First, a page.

Moore v. Kimco Facilities Services et al
ORDER granting 7 Motion to Dismiss. Signed by District Judge Carlton W. Reeves on 10/03/2017. (mm)
IN THE UNITED STATES DISTRICT COURT
FOR THE SOUTHERN DISTRICT OF MISSISSIPPI
CAUSE NO. 3:17-CV-00159-CWR-FKB
KIMCO FACILITIES SERVICES AND
BASS PRO SHOPS
Before the Court is Defendant Bass Pro Shops’ Motion to Dismiss. Docket No. 7. Pro se
Plaintiff Chlorinda Moore has responded, Docket No. 14, and the matter is ready for review.
In February 2017, Moore submitted a Charge of Discrimination to the EEOC, alleging
that Defendant Kimco Facility Services “wrongfully discharged [her] in violation of Title VII of
the Civil Rights Act of 1964, as amended.” Docket No. 1-1 at 1.
A month later, Moore filed this action against Kimco and Bass Pro. Docket No. 1. Bass
Pro now seeks dismissal of the claims raised against it. Docket No. 8.
Federal Rule of Civil Procedure 12(b)(6) authorizes dismissal of an action that fails “to
state a claim upon which relief can be granted.” Fed. R. Civ. P. 12(b)(6). When considering a
Rule 12(b)(6) motion, the Court accepts all factual allegations as true and makes all reasonable
inferences in the plaintiff’s favor. Ashcroft v. Iqbal, 556 U.S. 662, 678 (2009). The plaintiff’s
complaint “must contain a short and plain statement of the claim showing that the pleader is
entitled to relief.” Id. at 677-78 (quotation marks and citation omitted). “Regardless of whether
the plaintiff is proceeding pro se or is represented by counsel, conclusory allegations or legal
conclusions masquerading as factual conclusions will not suffice.” Rogers v. Raycom Media,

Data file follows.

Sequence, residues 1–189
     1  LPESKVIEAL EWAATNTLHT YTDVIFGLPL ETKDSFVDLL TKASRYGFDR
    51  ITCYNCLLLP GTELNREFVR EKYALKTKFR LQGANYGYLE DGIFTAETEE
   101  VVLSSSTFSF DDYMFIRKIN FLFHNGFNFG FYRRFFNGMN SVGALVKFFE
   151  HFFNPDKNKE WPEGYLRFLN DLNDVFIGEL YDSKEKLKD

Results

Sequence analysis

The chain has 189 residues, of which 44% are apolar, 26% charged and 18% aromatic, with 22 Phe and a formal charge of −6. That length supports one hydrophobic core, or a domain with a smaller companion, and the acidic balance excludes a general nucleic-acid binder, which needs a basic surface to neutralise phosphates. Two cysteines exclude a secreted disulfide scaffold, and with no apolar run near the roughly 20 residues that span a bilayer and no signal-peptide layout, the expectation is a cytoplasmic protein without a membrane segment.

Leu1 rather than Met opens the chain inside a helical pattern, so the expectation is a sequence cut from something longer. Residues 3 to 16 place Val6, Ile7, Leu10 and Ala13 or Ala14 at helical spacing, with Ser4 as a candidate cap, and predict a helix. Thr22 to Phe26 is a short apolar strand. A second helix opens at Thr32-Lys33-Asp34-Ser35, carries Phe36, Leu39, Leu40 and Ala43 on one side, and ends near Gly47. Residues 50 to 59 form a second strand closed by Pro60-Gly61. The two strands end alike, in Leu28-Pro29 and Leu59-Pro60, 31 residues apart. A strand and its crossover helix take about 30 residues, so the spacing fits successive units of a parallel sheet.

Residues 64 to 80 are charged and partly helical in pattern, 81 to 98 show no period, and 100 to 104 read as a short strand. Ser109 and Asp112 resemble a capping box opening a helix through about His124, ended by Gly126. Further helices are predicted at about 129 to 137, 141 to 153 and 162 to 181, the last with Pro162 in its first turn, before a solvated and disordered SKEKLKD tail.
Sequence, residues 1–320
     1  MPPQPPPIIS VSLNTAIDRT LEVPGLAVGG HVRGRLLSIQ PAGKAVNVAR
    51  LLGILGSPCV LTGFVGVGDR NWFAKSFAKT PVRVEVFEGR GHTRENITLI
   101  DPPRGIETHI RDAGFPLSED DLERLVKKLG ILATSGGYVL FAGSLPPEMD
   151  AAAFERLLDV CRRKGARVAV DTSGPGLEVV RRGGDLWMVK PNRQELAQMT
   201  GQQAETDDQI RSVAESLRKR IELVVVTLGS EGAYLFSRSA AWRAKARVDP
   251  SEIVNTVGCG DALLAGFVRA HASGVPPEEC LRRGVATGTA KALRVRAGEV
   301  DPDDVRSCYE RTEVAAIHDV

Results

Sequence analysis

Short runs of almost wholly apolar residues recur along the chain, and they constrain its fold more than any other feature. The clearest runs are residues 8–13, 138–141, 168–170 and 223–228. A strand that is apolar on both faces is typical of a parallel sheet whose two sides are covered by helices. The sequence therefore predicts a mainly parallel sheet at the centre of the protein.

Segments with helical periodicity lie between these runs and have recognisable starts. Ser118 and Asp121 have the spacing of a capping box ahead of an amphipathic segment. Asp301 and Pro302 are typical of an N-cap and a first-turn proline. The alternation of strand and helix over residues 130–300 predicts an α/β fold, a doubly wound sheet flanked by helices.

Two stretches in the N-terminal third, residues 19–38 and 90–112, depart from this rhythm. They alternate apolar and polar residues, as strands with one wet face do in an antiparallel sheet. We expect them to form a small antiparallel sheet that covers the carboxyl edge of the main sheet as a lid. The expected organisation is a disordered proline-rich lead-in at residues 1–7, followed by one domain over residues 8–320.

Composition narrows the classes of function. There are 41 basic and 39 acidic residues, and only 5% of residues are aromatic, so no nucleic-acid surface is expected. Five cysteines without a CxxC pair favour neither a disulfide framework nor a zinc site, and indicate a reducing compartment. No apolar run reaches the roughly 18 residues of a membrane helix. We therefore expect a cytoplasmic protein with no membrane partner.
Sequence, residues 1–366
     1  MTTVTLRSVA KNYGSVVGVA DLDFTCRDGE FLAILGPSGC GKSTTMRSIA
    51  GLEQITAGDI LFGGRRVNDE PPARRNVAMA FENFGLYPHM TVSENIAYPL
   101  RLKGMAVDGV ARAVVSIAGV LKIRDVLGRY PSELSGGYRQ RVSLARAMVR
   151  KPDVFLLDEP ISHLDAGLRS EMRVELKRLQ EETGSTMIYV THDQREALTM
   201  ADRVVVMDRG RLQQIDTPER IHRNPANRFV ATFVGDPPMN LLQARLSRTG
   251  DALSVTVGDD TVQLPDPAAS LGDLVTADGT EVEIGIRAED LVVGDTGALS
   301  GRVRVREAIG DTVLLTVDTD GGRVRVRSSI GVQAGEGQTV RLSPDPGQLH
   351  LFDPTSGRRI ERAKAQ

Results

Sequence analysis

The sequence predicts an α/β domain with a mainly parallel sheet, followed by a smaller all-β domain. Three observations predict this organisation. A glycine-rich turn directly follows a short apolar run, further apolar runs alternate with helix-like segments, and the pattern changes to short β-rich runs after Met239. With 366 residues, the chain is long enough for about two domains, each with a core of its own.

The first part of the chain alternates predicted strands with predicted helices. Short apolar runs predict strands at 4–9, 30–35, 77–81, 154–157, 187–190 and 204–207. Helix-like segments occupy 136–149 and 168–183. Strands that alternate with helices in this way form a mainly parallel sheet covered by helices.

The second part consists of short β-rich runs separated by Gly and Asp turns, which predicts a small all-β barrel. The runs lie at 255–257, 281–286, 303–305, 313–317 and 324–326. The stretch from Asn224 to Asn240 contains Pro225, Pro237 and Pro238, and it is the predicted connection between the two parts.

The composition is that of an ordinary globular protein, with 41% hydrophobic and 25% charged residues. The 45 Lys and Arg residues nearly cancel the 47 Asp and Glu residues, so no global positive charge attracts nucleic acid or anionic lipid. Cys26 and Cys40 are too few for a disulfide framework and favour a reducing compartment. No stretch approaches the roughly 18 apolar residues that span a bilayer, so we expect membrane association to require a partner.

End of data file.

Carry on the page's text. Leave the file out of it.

Inc., 628 F. App’x 324, 325 (5th Cir. 2016).
Bass Pro contends that dismissal is warranted because Moore was not its employee. The
“As Title VII prohibits discrimination in the employment context, see 42 U.S.C. §
2000e–2(a), 2000e–5, generally only employers may be liable under Title VII.” Turner v. Baylor
Richardson Med. Ctr., 476 F.3d 337, 343 (5th Cir. 2007) (citation omitted). This means that the
plaintiff must prove “that an employment relationship existed between him and that defendant.”
Canon v. Bd. of Tr. of State Inst. of Higher Learning of Miss., 133 F. Supp. 3d 865, 869 (S.D.
Miss. 2015). The court considers “whether the alleged employer has the right to hire and fire the
employee, the right to supervise the employee, and the right to set the employee’s work
schedule.” Aguiniga v. Delgado, No. 3:15-CV-562-DPJ-FKB, 2016 WL 3620728, at *3 (S.D.
Miss. June 28, 2016).
Here, the Complaint states that Moore worked for Kimco. Docket No. 1. All of the
supervisors and other employees involved in the alleged incident were also employed by Kimco.
Id. And after Moore was fired, she reported the incident only to Kimco. Docket No. 14 at 2.
Moore has therefore failed to show that an employment relationship existed between her and
Bass Pro. Dismissal is appropriate.
Even if Moore was employed by Bass Pro, she failed to exhaust her administrative
remedies before filing this suit. “A plaintiff must file a charge of discrimination with the EEOC
before a court may consider her Title VII claims.” Preston v. Tex. Dept. of Family and Protective
Serv., 222 Fed. App’x 353, 356 (5th Cir. 2007). The Fifth Circuit recognizes a general rule that
“a party not named in an EEOC charge may not be sued under Title VII.” E.E.O.C. v. Simbaki,
Ltd., 767 F.3d 475, 481 (5th Cir. 2014) (citation omitted).
Assuming for present purposes that the Charge was properly filed, Moore did not name
Bass Pro. Id. at 6. Accordingly, Moore has failed to exhaust her administrative remedies and her
claims against Bass Pro are dismissed.
For these reasons, the Motion to Dismiss is granted.
SO ORDERED, this the 3rd day of October, 2017.
s/ Carlton W. Reeves
UNITED STATES DISTRICT JUDGE
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